It’s weird how Rachel Maddow says on her show last week that the media should stop carrying President Trump’s daily Coronavirus Task Force press conferences because of all the “lies” in it going unfiltered to the public, then all these “think pieces” start showing up saying the exact same thing. The New York Times editorialized about it, the Washington Post “media reporter” weighed in, and the Times again “reported” on it. They even quoted Ted Koppel saying, “Training a camera on a live event, and just letting it play out, is technology, not journalism; journalism requires editing and context.” In other words, you’re too stupid to understand what’s happening here, you need a “journalist” to summarize the hour-long event in a 30-second package for you. 

The media is scared. President Trump’s approval ratings are up, and a clear majority approve of his handling of this crisis. They can’t have that, and that’s what they’re trying to stop. 

The idea of information needing a filter is not only incredibly condescending, but it’s also the exact opposite of what these very same people say when it comes to James O’Keeffe and Project Veritas every time they expose the left. Weird, right?

Please don’t tip the help

Harvard is laying off cafeteria workers. That, in and of itself, isn’t very shocking. People are being laid off all over the place. But the businesses that are laying people off aren’t sitting on a $40 billion endowment like Harvard is. Seems they’d rather sit on that pile of money than use a rounding-error amount to keep the riffraff whole during this emergency.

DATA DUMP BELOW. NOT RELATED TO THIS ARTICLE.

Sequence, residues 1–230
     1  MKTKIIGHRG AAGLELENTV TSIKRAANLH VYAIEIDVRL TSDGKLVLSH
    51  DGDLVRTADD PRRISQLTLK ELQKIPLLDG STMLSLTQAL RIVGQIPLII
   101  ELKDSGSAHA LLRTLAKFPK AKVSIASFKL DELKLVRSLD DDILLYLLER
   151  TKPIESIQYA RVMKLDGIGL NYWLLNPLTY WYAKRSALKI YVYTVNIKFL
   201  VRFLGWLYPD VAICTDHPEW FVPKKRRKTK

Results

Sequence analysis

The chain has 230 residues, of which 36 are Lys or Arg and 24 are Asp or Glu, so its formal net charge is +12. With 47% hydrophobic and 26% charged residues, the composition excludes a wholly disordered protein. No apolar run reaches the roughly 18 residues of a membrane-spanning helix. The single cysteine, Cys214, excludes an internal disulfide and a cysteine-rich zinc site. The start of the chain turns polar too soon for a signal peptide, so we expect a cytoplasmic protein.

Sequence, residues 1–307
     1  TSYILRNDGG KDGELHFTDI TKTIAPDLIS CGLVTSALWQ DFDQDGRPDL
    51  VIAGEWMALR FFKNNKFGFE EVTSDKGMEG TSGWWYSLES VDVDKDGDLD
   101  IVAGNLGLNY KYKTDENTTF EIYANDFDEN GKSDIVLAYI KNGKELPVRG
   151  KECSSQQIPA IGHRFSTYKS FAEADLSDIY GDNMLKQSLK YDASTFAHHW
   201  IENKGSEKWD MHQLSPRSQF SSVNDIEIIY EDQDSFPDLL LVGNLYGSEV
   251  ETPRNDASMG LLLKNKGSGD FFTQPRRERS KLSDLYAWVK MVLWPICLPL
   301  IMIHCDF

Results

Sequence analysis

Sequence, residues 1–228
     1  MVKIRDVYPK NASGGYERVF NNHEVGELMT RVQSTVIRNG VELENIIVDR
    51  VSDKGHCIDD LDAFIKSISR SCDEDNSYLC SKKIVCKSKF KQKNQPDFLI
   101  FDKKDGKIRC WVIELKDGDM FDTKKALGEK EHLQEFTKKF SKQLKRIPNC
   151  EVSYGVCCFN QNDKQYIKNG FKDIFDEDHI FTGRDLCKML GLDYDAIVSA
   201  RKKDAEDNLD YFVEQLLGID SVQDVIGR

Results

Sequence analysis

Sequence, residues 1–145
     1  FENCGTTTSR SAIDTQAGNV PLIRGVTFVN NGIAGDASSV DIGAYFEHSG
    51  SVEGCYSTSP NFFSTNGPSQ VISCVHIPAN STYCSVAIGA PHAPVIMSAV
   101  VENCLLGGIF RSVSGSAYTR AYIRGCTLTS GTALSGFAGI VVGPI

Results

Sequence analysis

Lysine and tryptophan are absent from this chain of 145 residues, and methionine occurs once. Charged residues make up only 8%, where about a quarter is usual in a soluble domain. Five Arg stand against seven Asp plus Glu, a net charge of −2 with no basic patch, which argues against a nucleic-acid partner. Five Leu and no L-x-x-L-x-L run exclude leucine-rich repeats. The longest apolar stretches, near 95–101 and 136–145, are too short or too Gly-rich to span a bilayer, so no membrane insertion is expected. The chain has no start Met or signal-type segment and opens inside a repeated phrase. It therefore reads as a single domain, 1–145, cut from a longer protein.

As if that weren’t bad enough, people are defending the decision of Harvard and other incredibly wealthy schools. The reason? The educated people the school employs and churns out are much more important to the world than the people who clean up after them. A real person wrote the lines, “Those schools need a single-minded dedication to their missions of learning, research and innovation — no matter how urgent or extreme the demands of the day. And that means saying no to a lot of those demands, in the process acknowledging the elitist ethos these schools have long embodied.” Gross.

Disney is a blessing and a curse

Working from home (and staying home all day) with 2 kids under 3 you really learn to appreciate Disney. Not as a company so much, but for some of the products they churn out. They’re heroin for children without the track marks and stealing your stuff to buy it. My kids request to watch Frozen 1 and 2 more times each day than MSNBC lied today, by a lot. The opening credits serve as a siren song to them, freezing them in their tracks and drawing them in. When my wife and I need to get things done, it’s perfect. When we don’t, it’s awful. Not that the movies are that bad – the first one is good; the second is a typical “message movie” of liberal garbage. Still, you have to take the good with the bad and enjoy your breaks when you find them. Ultimately, you just have to “let it go.” I’ll show myself out.

Stay sane, stay safe.

Derek Hunter is the host of a free daily podcast (subscribe!), host of a daily radio show on WCBM in Maryland, and author of the book, Outrage, INC., which exposes how liberals use fear and hatred to manipulate the masses. Follow him on Twitter at @DerekAHunter